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Sweatshirt


by David James


Mitzi ( formerly Millicent) and I were camp counselors last year. The year round camp consisted of four week sessions and was unisex, called “Singing Swingles”. We all caught the pun because we saw ourselves as swinging singles. Housing assignments were made independent of our sex. Mitzi, who I met on day one was a divorced mom who was formerly married to a Baptist minister from Alabama. Me, I was unemployed at the time. My job selling cigarette rolling machines was in the tank because a glut of my product was out there after the Surgeon General's warning. Frankly, I took the counseling job simply to have a place to stay for summer until I could find another job. I lost my battle of tangling with my landlord over the late rent. He kicked me out and I was in a bit of debt and I couldn't afford the rent for another apartment.

It seems we were all, the whole damn crowd, at camp to escape and try to come clean with our pasts. A cliché I heard from a lot of the formerly religious types was, “This too shall pass”, meaning of course that by coming there they could get a chance to move forward, gain some safe harbor until whatever crisis they had brushed up against settled out. That, plus lots of sex. Perfect!

Anyway, Mitzi and I shared a bunk bed. I was usually on top. No silly, the top bunk. Yeah, well there was the other, too, and mostly it was me on top. As counselors, we had little jobs which only took up about four or five hours a day. She showed folks how to make ribbons that could be sold at flea markets. I used my sales training to teach how to sell sweatshirts, also at venues like flea markets. One day while we were in the community shower, Mitzi had what turned out to be a brilliant idea: she could stitch letters made from her ribbons into protest slogans on my sweatshirts which we could sell at cause de jour, social unrest gatherings and give at cost discounts to those groups whose issues were the same as our own for resale— as our gesture to the cause.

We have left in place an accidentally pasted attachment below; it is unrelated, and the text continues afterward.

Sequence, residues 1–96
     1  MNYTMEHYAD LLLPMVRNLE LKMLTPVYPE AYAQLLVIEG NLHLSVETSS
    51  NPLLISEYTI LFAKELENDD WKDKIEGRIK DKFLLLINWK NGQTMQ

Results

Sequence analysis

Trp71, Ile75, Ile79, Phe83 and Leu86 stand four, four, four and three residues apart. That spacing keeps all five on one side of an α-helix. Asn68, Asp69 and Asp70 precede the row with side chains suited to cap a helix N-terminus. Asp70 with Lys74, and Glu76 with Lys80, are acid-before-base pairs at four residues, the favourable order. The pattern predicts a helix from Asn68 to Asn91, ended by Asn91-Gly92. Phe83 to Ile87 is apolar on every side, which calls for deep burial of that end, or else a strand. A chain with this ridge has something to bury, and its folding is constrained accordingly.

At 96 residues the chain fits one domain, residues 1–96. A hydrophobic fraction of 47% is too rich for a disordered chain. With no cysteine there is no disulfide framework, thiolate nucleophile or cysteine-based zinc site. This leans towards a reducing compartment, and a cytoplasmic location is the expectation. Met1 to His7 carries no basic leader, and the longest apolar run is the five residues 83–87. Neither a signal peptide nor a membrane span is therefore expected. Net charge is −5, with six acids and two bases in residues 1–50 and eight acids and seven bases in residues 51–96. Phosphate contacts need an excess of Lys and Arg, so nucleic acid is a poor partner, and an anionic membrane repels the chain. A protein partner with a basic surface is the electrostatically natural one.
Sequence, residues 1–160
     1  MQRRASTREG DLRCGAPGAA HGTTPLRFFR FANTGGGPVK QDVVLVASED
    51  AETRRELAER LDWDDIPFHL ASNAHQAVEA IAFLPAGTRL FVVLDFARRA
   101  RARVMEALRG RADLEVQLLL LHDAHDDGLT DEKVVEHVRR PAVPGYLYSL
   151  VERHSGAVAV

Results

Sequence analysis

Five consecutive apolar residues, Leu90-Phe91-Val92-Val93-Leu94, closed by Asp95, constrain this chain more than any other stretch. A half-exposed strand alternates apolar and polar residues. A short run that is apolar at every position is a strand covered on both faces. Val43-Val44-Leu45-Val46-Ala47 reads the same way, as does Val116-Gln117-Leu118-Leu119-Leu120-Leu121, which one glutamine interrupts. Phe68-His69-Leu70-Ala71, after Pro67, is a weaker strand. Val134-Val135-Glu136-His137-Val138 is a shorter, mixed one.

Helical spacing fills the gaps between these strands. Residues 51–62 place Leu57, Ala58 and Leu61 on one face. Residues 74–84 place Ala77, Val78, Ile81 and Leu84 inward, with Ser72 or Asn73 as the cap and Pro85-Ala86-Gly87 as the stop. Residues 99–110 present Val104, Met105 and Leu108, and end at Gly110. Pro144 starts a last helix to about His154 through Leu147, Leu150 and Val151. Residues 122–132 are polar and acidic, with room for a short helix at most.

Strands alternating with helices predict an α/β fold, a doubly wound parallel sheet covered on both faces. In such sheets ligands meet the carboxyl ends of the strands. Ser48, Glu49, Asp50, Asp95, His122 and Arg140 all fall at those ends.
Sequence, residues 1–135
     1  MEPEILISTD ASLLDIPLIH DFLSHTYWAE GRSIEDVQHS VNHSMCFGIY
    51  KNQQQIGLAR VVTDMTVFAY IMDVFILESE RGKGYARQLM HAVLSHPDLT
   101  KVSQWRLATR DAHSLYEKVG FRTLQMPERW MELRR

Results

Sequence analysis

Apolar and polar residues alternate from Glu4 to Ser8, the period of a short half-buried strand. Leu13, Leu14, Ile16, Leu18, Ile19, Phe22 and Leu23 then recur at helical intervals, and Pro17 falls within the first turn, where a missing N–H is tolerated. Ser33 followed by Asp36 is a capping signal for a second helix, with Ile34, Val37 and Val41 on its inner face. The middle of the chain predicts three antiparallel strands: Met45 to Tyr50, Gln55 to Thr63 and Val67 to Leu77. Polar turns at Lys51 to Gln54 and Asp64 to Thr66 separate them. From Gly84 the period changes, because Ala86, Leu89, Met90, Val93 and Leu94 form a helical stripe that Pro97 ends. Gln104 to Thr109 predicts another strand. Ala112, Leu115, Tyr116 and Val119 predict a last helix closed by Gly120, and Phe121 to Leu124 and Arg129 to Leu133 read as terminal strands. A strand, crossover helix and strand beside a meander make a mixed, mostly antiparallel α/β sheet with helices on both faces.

Serendipitously, our business took  off. We sold the first 20 we made in about a half hour. And sold another 20 the following Saturday. Of those 40, Mitzi made 25 with that simply said ‘Sweatshirt”. On the balance,15, she used her ribbons to spell consciousness raising issues. Only 4 sold. But with the other 25 we were onto something good.This sample success was all we needed to decide what to sew on with those ribbons her class was making. We would just set aside the sloganeering for a while until we got better known. I went down and took out a $500 payday loan on my old, finally paid for, truck, bought 150 plain, gray sweatshirts and Mitzi hired 5 of her ribbon makers at camp to sew the ribbons on our product and in less than a week we had enough merchandise to execute the business plan we put together which was to set up with a kiosk out next to the city park. As I unloaded our inventory from my old pickup and opened the boxes of shirts to set up for the day I found that our dreams, planning, labor and money had gone for naught. Who wants a SWEATSHIT?

                                                         

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